African American Tech students discussed the need for more Black Studies courses, the creation of a Black Studies degree, and the hiring of more Black teachers and counselors at the university. Mentioned was the lone Black history course available and the sole Black staff member - George Scott Jr., Assistant dean of Student Life - at the time the article was published. (The University Daily, April 13, 1970).

The Elite Eta Lambda Chapter of Delta Sigma Theta was officially founded on April 17, 1970. It was acknowledged in the campus newspaper as being the first African American sorority to be established at Texas Tech. (The University Daily, September 23, 1970)

On September 1st, Thomas James (T.J.) Patterson began his new job as assistant to the Dean of the College of Business Administration. In that role he served in the capacity of a teacher, freshman advisor, and student recruiter. He held various administrative positions at the university in the College of Business until leaving in July of 1981.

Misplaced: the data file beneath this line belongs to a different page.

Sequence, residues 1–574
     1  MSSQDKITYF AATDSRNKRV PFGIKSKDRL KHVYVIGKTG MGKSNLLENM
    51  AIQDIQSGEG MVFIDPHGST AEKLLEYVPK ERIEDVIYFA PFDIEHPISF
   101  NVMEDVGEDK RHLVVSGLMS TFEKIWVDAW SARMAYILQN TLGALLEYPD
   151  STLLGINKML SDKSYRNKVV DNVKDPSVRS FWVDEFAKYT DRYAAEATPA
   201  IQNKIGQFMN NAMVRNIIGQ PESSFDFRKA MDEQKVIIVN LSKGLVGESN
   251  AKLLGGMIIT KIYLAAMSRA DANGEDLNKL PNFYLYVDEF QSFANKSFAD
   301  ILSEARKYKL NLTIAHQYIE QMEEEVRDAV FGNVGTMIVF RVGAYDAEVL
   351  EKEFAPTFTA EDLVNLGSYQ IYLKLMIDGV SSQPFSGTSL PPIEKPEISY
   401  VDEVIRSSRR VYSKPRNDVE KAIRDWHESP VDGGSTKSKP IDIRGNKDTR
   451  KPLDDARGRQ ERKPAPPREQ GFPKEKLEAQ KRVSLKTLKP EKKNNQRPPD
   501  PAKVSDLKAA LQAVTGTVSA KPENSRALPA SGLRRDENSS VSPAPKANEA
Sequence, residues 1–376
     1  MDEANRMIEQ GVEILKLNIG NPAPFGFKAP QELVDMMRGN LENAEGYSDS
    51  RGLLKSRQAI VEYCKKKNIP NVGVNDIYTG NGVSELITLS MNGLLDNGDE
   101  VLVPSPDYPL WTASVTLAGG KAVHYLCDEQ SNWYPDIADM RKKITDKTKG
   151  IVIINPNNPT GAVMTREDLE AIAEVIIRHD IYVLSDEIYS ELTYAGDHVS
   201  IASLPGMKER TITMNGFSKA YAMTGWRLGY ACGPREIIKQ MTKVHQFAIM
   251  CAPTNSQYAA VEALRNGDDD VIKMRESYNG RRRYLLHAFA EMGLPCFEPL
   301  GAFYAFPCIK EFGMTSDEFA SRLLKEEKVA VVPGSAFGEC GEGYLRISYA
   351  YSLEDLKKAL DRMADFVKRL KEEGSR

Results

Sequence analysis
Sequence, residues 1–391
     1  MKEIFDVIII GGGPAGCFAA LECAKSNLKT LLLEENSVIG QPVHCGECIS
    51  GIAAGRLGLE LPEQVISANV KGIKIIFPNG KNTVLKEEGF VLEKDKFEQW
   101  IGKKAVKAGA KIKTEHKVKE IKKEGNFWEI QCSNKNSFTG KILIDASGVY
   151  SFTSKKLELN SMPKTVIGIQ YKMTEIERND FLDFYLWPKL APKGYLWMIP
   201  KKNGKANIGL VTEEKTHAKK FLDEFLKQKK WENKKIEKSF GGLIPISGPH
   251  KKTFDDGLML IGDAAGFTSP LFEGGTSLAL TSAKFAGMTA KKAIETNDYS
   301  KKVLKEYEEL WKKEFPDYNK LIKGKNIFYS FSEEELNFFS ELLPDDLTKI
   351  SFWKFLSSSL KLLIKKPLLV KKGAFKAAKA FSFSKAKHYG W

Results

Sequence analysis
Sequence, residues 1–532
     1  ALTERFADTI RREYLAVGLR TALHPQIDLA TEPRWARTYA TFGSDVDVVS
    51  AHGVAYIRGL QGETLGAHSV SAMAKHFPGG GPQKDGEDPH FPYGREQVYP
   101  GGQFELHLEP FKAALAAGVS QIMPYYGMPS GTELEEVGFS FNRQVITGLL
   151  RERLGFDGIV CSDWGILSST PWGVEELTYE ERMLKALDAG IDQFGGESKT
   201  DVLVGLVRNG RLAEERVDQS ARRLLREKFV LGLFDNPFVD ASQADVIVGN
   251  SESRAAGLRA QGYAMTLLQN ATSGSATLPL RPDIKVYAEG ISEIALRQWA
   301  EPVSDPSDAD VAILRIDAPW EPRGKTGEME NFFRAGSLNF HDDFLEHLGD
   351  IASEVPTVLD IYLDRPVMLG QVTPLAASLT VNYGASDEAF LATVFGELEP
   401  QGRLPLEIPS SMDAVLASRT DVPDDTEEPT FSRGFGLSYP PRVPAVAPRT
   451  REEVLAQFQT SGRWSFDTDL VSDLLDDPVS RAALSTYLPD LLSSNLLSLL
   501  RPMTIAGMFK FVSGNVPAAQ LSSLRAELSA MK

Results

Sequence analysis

Discussion of "voluntary segregation" by student groups in the University Center was featured on the front page of November 2, 1970 issue of The University Daily.


Mrs. Hazel S. Taylor received the first Ford Foundation Advanced Study Fellowship for Black Americans at Texas Tech in July of 1971 while working on her doctoral degree in Education. Her son, Marshall, was also senior accounting major in the College of Business. (photo)

The first Black Week celebration, held March 8-12, was sponsored by SOUL and featured a variety of speakers, music and dance by the Langston Review, an "Afro Mod Fashion Show," a talent show and a "rap session" with Black author Charles Hamilton. Three films and panel discussions were also part of the week's activities. George Scott and T. J. Patterson were participants in the panel discussion for the film "Blossom." Black Week was described as an outgrowth of the previous year's "Black Day" which also included a film and panel discussion. (The University Daily, March 4, 1971).

A group of African American and Chicano students met with the Student Government Association to protest racial misrepresentations made in the Student Association Guide to Lubbock and Texas Tech - 1971-1972 publication, lack of equal broadcast time on KTXT-FM, and a lack of African American teaching faculty.

Bobbie Gean Bailey Patterson, wife of TJ Patterson, attended Texas Tech from spring 1971 - fall of 1972, earning a master's degree in education.

The Eta Upsilon Chapter of Alpha Phi Alpha fraternity was established at Texas Tech in 1971.